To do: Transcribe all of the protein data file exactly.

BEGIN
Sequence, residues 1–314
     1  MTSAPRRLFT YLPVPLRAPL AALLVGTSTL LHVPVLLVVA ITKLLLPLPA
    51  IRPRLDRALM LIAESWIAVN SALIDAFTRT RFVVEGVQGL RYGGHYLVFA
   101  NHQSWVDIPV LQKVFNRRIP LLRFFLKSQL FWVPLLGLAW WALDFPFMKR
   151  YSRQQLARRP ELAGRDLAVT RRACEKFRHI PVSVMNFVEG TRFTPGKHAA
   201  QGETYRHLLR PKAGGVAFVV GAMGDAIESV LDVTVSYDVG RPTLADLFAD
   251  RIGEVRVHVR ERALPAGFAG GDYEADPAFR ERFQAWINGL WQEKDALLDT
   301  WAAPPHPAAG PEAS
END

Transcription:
Sequence, residues 1–314
     1  MTSAPRRLFT YLPVPLRAPL AALLVGTSTL LHVPVLLVVA ITKLLLPLPA
    51  IRPRLDRALM LIAESWIAVN SALIDAFTRT RFVVEGVQGL RYGGHYLVFA
   101  NHQSWVDIPV LQKVFNRRIP LLRFFLKSQL FWVPLLGLAW WALDFPFMKR
   151  YSRQQLARRP ELAGRDLAVT RRACEKFRHI PVSVMNFVEG TRFTPGKHAA
   201  QGETYRHLLR PKAGGVAFVV GAMGDAIESV LDVTVSYDVG RPTLADLFAD
   251  RIGEVRVHVR ERALPAGFAG GDYEADPAFR ERFQAWINGL WQEKDALLDT
   301  WAAPPHPAAG PEAS